$ hg log -r "date('>05/01/11') and date('<06/01/11') and user(matthewturk) and desc('boxlib')"
This would look for all the revisions where the date was between 1 May 2011 and 1 June 2011, made by a user whose name contains that (my gmail address) and where the description of the commit includes the word boxlib.
There are tons of revsets that you can use to query individual changesets, shorthand for various things, and even examples. To see more, type:
$ hg help revsets
If you're digging down into the history of a particular file, you also use the command hg annotate, which will show the last time any line in a file was changed, and by whom.
6. Revsets: Finding out some things about a changeset
On the projects I work on, we often have some long-lived lines of development, where we periodically merge back and forth. One of the ways we keep things on track is with semi-frequent merging from mainline into development, to ensure that bug fixes (all done on the stable branch) propagate into the development branch. Sometimes these show up as merge conflicts, and if the changes are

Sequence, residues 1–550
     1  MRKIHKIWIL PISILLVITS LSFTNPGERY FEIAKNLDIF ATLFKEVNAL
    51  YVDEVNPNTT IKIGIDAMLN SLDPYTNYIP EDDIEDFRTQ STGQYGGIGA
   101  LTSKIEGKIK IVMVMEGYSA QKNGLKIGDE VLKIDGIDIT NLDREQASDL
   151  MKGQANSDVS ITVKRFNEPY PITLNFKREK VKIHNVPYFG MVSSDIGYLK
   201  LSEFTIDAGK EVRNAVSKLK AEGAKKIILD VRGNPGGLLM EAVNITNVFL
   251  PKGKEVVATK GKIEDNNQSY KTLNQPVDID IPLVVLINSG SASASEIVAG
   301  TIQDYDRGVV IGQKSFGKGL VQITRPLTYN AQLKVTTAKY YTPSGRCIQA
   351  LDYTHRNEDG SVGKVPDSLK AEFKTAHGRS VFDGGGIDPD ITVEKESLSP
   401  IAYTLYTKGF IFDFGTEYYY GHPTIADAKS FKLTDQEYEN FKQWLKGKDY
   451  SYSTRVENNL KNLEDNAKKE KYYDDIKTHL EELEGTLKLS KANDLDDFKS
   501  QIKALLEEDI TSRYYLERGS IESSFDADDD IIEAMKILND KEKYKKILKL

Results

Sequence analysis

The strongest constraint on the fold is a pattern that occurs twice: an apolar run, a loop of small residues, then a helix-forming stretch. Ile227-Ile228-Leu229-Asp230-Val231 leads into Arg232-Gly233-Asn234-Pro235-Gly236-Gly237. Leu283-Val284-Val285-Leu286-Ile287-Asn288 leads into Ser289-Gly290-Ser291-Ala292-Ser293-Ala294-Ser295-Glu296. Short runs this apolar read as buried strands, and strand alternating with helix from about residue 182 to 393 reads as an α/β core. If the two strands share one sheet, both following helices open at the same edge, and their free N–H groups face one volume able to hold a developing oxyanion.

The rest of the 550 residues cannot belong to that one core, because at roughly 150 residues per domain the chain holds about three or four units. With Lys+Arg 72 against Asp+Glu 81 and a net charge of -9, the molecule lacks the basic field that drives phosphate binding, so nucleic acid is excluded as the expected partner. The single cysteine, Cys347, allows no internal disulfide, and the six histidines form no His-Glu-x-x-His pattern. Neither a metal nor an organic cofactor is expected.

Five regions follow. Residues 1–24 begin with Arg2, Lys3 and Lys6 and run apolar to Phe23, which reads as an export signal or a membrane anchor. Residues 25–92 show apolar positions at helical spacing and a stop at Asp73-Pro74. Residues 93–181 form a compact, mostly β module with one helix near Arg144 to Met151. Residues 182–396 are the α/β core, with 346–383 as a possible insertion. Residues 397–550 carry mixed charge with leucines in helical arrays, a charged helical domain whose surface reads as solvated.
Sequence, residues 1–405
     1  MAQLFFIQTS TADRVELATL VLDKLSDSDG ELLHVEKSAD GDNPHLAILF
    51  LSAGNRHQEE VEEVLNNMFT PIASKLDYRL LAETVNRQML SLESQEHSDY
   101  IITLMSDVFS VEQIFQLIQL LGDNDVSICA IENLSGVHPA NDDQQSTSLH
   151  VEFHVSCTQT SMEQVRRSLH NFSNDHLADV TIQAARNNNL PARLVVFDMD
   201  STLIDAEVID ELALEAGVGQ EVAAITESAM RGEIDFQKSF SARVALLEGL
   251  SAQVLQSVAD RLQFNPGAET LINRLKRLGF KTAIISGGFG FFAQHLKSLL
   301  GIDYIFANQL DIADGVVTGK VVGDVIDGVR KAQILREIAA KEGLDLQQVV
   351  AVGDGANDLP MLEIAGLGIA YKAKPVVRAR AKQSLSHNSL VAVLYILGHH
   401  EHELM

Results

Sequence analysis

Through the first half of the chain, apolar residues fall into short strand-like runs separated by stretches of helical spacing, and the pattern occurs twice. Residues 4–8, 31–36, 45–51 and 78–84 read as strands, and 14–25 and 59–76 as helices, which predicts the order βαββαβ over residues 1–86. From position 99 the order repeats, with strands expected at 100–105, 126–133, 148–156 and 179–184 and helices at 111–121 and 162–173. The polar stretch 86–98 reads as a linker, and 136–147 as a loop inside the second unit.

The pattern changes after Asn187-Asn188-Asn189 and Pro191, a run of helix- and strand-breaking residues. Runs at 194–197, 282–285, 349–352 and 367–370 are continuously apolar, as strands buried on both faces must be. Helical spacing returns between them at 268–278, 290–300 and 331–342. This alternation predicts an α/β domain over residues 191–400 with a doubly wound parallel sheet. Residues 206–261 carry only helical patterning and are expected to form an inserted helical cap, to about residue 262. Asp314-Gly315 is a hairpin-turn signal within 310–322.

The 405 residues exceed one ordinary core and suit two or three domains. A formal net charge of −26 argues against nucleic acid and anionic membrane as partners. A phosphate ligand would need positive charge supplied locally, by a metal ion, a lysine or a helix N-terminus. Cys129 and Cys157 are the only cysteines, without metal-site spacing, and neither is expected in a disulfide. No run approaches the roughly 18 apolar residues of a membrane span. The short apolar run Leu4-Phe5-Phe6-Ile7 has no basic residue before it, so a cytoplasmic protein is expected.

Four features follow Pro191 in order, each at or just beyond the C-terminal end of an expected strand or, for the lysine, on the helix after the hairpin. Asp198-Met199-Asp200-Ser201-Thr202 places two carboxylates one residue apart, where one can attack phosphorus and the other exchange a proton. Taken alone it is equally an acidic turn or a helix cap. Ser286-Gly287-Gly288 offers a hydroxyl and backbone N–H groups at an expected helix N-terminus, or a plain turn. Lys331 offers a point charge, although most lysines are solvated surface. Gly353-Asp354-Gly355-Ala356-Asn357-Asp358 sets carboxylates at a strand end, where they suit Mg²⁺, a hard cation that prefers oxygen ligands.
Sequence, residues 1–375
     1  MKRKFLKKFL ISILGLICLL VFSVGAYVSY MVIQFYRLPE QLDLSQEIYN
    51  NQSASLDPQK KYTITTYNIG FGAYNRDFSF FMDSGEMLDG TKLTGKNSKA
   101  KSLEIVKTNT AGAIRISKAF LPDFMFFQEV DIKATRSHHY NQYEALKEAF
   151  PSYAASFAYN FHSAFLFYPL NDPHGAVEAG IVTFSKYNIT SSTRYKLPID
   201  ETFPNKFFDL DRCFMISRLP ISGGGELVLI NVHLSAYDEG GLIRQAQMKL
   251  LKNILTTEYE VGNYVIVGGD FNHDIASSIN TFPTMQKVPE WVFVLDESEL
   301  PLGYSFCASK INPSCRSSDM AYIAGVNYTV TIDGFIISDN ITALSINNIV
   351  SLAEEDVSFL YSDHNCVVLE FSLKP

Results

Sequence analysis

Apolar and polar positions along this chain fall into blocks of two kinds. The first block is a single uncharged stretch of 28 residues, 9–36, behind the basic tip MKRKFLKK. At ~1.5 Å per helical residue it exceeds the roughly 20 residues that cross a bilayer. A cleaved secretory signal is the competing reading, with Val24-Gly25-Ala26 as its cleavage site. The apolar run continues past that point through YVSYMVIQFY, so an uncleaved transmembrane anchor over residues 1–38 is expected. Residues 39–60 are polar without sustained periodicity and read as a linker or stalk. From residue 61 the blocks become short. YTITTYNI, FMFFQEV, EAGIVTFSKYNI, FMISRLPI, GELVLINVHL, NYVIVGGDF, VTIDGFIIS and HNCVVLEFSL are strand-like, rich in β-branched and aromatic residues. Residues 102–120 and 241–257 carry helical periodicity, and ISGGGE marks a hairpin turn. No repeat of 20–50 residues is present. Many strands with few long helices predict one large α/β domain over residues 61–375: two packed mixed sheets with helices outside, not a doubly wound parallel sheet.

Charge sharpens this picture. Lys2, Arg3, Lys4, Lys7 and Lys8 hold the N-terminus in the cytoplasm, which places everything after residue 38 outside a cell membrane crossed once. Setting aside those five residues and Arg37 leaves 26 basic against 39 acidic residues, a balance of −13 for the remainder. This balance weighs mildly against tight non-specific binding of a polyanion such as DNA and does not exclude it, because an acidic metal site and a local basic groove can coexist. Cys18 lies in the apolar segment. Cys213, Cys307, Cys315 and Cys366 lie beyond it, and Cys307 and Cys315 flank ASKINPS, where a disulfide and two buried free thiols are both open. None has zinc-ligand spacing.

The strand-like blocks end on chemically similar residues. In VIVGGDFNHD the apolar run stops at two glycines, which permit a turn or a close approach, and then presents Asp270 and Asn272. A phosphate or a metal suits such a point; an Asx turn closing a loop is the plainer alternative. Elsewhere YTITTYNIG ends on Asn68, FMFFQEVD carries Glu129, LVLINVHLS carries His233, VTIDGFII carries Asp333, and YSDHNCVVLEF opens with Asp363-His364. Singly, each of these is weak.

particularly invasive, this can be kind of tricky to work out!
Revsets can help with this. There are a few handy ones that help compute things about the graph - the last time a line of development was merged, the most recent common ancestor of two changesets, and so on. For instance, let's say I'm in the middle of a merge. I want to see the differences that happened to a particular file between the last merge and the changeset I'm trying to
merge into. I can ask for all the diffs between the ancestor and parent two of the current working directory, like so:
$ hg diff -r "ancestor(p1(), p2())" -r "p2()" some_file.py
This says, show me the diff between the ancestor of p1() (local parent) and p2() (the other parent/changeset we're merging) and p2() itself. This means, all the changes that happened in the other line of development to that file.
Now, if we want to see all the changes that happened in our line of development to the file, we just swap the second revision: